Support ambidextrous leadership in your C-suite

A common mistake leaders make is to surround themselves with others who have similar strengths and weaknesses. There is a misconception that like-minded leaders are necessary to achieve organizational alignment – ​​nothing could be further from the truth. It’s the diversity of thought that really matters when making choices. You can see the dichotomy between a startup and a large organization.

Startups are bursting with ideas and creativity, but their weakness is a lack of disciplined execution. Too often we fail to recognize the core driver that is essential to turning an idea into a great business. While high mortality rates plague startups, large corporations excel at disciplined execution and operational efficiency. Yet they lack the innovation and speed to react to market dynamics. The detailed processes that contribute to the efficiency and scale of large companies tend to limit their ability to adapt quickly to the market. The bottom line is that organizations, leaders, and teams must demonstrate and master ambidexterity to thrive in an ever-changing world.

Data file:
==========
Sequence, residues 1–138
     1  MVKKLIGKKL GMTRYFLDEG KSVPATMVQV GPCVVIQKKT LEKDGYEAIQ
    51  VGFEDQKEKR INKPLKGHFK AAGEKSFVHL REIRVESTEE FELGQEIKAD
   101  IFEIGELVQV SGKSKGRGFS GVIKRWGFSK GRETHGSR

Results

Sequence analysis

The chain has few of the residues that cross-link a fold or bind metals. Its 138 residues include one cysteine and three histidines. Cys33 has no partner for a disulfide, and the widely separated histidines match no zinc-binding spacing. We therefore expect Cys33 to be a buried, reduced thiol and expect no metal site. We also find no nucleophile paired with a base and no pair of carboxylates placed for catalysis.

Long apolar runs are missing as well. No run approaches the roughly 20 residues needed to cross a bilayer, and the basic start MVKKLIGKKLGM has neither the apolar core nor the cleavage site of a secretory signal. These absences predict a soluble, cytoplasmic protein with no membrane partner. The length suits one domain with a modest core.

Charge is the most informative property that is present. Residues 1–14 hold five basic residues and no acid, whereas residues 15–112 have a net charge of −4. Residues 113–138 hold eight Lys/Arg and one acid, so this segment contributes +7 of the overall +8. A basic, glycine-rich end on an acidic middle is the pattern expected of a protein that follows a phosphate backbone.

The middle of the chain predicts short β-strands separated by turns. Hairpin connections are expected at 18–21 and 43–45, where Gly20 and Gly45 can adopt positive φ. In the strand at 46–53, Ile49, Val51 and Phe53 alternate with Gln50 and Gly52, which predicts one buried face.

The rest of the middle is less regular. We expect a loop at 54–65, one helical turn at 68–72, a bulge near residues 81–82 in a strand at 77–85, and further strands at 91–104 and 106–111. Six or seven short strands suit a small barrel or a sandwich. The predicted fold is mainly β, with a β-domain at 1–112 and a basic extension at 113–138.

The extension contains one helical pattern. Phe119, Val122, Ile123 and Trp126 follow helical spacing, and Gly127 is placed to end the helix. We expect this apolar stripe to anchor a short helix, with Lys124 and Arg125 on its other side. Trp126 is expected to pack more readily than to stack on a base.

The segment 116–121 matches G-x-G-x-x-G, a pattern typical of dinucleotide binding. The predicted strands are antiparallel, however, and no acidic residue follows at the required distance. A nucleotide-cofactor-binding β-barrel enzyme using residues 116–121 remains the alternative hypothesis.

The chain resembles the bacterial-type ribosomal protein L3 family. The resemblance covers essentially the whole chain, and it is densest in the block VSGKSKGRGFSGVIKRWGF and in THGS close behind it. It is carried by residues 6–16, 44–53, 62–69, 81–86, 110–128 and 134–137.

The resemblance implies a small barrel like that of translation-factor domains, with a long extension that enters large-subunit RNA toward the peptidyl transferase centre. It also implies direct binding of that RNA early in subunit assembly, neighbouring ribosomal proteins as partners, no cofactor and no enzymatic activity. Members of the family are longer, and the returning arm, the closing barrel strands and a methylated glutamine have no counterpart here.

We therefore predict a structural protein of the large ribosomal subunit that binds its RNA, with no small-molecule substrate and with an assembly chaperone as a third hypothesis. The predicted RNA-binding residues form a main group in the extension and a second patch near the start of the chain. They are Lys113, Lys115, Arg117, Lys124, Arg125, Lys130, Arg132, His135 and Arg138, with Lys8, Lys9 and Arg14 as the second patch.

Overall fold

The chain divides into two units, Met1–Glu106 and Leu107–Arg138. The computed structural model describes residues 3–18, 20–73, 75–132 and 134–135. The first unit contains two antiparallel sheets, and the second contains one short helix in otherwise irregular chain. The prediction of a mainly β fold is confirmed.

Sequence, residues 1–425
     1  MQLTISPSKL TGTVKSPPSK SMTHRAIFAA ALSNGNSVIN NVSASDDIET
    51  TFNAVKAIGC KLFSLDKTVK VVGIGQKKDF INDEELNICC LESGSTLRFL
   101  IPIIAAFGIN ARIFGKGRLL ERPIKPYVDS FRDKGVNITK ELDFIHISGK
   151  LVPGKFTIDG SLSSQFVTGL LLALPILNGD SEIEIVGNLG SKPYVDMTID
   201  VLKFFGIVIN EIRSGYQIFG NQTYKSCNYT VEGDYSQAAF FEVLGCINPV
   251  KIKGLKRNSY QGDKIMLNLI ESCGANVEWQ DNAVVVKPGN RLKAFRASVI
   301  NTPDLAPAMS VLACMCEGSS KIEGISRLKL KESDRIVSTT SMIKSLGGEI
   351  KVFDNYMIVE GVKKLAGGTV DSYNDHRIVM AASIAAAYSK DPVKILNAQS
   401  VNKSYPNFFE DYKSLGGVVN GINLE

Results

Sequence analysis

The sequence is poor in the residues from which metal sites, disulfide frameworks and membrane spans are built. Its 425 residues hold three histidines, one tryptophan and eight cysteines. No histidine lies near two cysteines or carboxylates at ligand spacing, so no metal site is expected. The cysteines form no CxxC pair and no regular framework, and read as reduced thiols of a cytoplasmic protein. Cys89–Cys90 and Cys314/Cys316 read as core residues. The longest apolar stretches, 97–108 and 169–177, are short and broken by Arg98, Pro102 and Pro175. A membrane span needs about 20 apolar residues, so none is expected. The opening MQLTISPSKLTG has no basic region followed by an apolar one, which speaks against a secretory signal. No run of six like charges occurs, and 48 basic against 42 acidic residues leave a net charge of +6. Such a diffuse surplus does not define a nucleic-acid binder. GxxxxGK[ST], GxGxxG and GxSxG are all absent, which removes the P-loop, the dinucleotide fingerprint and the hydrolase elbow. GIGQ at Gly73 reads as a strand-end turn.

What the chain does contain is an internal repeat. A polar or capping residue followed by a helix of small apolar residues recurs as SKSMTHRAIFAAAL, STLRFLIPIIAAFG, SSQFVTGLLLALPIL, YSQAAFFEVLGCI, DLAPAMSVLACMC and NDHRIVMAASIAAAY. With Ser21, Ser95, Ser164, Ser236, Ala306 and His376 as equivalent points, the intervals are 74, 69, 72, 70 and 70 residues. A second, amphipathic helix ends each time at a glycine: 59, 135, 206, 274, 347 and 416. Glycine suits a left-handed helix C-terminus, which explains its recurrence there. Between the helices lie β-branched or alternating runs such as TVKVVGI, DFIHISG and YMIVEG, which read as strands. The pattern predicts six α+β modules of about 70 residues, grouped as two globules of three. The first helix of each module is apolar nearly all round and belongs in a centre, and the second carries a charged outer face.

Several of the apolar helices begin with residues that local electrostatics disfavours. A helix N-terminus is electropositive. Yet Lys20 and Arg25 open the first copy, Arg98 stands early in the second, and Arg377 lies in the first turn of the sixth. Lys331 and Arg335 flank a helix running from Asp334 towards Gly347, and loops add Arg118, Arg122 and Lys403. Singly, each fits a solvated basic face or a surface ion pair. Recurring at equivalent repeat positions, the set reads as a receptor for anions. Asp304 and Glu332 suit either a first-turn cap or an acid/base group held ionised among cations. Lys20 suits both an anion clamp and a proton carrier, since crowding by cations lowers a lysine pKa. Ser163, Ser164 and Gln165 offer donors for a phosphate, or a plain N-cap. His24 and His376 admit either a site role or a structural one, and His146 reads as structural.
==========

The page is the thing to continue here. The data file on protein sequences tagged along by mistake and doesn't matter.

When considering whether you and by extension your business are ambidextrous, ask these questions:

1. Are you aware of your strengths and weaknesses, and do you take time to reflect and learn from your failures?

2. Are you comfortable expressing your weaknesses and asking for feedback?

3. Do you recognize your shortcomings and the importance of hiring people different from you?

4. Do you have rigorous debates and listen to the diverse points of view of others?

5. When faced with a challenge, do you leverage people with the natural strengths to achieve the goal?

6. Do you organize your weekly schedule and meetings to address areas where you are not naturally inclined to spend time?

When COVID swept the world, my long-term vision of building a century-old company was shaken. We lost 50% of our business in the aerospace sector. It was only the second time in our 25-year history that we faced an existential crisis. In addition, I worried about the number of our management team members and employees who would succumb to the deadly epidemic. In the midst of this uncertainty, we quickly shifted the priorities from experimentation and growth, which is our natural bias, to prioritizing performance and stability without compromising our cultural values. We had to lay off over 2,000 engineers, or 20% of our staff. We had to cut costs, salaries and many initiatives designed for growth. Many painful decisions had to be made. We had to act quickly to change the conditions.

Fortunately, our management team is ambidextrous, allowing us to adapt quickly to the crisis. While I don’t know if we are crisis-proof and able to survive all the future problems we will face, I know that we will continue to learn from our past to increase our chances of surviving and thriving.